Things began to fall apart: sudden, unforeseen disintegrations that were frankly alarming. It began on the top, that's to say the third floor, which is where I have my office.
The first thing that went was my desk. I'd got up moments earlier to go to the water cooler—I dread to think what might have happened otherwise. I turned around, plastic cup of water in hand, and as I did so the desk simply fell to pieces. My desktop computer came crashing down, too, of course. It came to rest, lopsided but intact, on the piled-up bits of desk.
Next to go, not a minute later, was the second-floor bathroom. Drawn by a fearful Ker-rash, we found it all asunder: jumbled fragments of glass, tile, chrome and porcelain. And before long it was the stairs, one flight after another folding up like a señorita's fan. Mercifully, we were all down in the parlour by then, wondering whom to call and could this be some type of earthquake.
It was Dean Nazario who got us out of the building. He's always had good instincts. Maybe he'd seen something like this in Vietnam? No sooner were we outside than, with a rumble like bowling balls, the whole building collapsed. Three stories levelled quick as you could sneeze.
We spent the rest of the day in group counselling: all 11 of us crowded into a conference room. There, Kate Cahill, a colleague I've always admired without really knowing—her office was, that's to say had been, in the basement—articulated a fear that, I think, several of us shared. If things could fall apart like that, why not people? Wasn't a person more fragile than a sink or staircase? The stresses and strains that hourly assail us, stretching us, mind and body, this way and that! What was to stop any one of us falling to pieces at any moment? 'Or relationships,' chipped in Jackie, our administrative assistant, who's been going through a divorce, but the counsellor cut her short. Wasn't it a blessing that we'd all got out unscathed?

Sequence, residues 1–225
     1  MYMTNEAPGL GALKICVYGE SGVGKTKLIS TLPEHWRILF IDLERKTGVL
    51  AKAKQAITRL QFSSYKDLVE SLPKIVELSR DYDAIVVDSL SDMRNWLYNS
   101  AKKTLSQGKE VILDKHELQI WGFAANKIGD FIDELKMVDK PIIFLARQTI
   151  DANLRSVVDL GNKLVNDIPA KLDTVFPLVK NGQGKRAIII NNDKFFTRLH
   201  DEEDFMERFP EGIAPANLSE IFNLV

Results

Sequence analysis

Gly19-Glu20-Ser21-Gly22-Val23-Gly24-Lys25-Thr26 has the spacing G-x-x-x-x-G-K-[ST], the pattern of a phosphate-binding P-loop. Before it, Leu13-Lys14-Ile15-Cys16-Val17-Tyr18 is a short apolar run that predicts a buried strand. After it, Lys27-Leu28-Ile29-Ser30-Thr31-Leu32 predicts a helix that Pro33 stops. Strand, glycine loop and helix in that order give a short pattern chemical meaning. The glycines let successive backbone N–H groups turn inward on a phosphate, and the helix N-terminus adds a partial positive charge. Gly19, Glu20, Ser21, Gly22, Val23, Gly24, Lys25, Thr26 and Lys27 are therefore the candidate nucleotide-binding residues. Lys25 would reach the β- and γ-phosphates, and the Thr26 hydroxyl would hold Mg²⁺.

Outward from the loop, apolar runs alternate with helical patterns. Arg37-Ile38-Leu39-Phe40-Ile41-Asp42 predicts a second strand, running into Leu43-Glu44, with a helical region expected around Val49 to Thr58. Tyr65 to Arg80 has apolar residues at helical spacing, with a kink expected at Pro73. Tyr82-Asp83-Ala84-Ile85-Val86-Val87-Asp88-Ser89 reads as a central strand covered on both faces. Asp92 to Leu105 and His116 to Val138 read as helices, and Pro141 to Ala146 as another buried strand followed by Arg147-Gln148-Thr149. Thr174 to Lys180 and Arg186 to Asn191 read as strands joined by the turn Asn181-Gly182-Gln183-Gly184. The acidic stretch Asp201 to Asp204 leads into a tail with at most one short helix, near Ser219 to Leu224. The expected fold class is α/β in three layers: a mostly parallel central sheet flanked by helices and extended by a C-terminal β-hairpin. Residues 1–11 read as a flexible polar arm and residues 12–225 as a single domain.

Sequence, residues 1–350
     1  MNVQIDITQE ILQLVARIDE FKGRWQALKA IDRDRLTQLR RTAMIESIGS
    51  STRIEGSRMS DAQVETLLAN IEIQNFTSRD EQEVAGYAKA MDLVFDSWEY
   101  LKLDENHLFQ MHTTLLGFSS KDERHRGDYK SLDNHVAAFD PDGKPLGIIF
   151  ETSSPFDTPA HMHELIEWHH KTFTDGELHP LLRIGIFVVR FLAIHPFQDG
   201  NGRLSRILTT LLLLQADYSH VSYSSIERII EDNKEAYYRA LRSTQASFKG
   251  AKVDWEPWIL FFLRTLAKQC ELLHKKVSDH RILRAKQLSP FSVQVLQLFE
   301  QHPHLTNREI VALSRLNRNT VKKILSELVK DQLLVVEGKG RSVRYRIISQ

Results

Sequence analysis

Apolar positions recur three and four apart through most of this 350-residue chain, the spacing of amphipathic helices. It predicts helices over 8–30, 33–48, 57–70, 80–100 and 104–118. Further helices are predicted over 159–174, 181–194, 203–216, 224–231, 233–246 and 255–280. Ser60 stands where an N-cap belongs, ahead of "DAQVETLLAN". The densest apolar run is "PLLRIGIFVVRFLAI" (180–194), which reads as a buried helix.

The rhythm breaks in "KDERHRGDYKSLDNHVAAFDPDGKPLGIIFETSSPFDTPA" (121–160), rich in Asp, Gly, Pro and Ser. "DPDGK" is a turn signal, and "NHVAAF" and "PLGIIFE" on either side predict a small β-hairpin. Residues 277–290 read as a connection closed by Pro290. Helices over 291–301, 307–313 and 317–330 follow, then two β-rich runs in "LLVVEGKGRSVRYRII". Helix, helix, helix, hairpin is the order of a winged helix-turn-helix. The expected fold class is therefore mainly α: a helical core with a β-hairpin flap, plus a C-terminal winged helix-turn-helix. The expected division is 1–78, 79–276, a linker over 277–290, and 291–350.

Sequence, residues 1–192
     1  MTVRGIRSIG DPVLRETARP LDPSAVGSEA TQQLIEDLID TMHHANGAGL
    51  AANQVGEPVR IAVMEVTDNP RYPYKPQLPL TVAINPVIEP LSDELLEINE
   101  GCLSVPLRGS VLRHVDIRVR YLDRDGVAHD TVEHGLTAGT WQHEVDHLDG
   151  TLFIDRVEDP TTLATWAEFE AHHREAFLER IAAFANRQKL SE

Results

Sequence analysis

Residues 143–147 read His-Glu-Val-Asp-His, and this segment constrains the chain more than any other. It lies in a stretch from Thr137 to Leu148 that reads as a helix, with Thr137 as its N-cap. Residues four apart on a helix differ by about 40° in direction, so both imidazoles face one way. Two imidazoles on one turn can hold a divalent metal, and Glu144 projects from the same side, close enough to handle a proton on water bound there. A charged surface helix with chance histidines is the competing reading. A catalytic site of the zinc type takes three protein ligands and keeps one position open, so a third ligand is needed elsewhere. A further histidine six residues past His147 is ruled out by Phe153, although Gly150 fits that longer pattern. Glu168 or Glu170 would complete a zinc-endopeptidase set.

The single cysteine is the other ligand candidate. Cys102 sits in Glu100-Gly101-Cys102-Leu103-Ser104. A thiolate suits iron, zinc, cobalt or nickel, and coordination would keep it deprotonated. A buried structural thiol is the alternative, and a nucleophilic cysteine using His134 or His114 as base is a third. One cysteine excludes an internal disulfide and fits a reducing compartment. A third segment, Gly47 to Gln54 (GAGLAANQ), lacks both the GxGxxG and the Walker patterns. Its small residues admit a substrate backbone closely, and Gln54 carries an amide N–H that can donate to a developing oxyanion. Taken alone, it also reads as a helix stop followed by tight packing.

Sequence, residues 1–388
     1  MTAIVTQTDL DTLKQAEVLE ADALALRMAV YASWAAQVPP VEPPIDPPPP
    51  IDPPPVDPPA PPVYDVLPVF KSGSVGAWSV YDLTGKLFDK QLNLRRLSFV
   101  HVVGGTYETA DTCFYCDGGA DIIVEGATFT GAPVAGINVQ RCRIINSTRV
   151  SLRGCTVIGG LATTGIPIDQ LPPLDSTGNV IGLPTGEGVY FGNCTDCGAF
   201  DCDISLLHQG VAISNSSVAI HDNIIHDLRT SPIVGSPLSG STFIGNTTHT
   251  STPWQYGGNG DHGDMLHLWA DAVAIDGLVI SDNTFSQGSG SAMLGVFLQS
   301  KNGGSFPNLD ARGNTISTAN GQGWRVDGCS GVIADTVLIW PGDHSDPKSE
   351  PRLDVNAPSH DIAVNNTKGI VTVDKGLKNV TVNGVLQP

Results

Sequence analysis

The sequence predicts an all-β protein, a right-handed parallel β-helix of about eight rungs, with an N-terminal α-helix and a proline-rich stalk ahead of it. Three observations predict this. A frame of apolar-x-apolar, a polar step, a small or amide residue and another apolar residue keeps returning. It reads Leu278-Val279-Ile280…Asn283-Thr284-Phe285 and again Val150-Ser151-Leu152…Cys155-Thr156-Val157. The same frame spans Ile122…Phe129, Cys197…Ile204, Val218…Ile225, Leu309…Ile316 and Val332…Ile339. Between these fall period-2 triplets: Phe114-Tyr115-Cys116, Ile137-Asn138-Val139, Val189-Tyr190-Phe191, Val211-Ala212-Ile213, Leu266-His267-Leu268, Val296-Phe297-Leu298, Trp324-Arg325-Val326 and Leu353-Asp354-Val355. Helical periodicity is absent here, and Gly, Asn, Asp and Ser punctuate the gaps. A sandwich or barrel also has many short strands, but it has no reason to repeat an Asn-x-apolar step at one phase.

The sun was going down as I headed for the parking lot. It had occurred to me to take a roundabout route, the risk of further trauma, but there again I was curious. And, well, what do you know? An entire new building had risen from the rubble! That's to say it was very like our old building and yet subtly altered. More windows for one thing. The paint a somewhat bluer shade of grey. And that bench on the front porch had acquired a nice set of cushions.
Of course I was taken aback, but once more curiosity got the better. It occurred to me that I might venture inside; the place seemed perfectly solid. Having cast hasty glances to ensure I was unobserved, I eased open the front door. By the light of evening, the parlour was somehow cosier. The stairs seemed to have grown a little steeper, the ceilings a few inches higher. The bathroom felt more spacious, too, with a different, more elegant style of faucet. I took the opportunity to wash my hands, which is never a bad idea.
The dimensions of my top-floor office had likewise been altered, and the furniture re-arranged. My desk now stood against the far window. It seemed much the same desk but, on sitting down, I found that my knees slid more snugly beneath. Not uncomfortably so: a pleasing snugness. And, looking about myself, at the filing cabinets and the poster board, it struck me that I actually preferred the new layout.
The desktop computer sat squarely back in place. On a whim, I fired it up. That computer had been working more slowly by the day, but now—Bingo!—it started like it had just been installed. Everything flows, I thought to myself, and then I tried it aloud. "Everything flows. Things fall apart—sometimes it's gradual, other times sudden—but only to reconfigure themselves. They shift, yes, but then they pull themselves back together, taking a new shape, perhaps, in the process. Change doesn't need to be a bad thing. Why, there's nothing to fear but..."
Greatly reassured by these and other simple truths, I fell to catching up on the day's emails.
The story first appeared on Cafe Irreal in Spring 2020
Paul Blaney wears a variety of hats. His main vocation is as a fiction writer but he also works as a freelance journalist, a teacher, editor, and publisher. Born and raised in London, he has lived and worked in Lisbon, Hong Kong, and Eugene, Oregon, and now lives in Easton, PA. Recent publications include Handover, a novella set in Hong Kong, and The Anchoress, another novella whose main protagonist locks herself in her walk-in closet and won't come out. In 2015 Paul's first novel, Mister Spoonface, was published. The book explores what it means to be a father in an era of artificial reproduction. His two most recent novels are Crown of Thorns, the story of a 21st-century messiah, and Jardin des Animaux, which features wild animals, tunnels and love in a time of civil war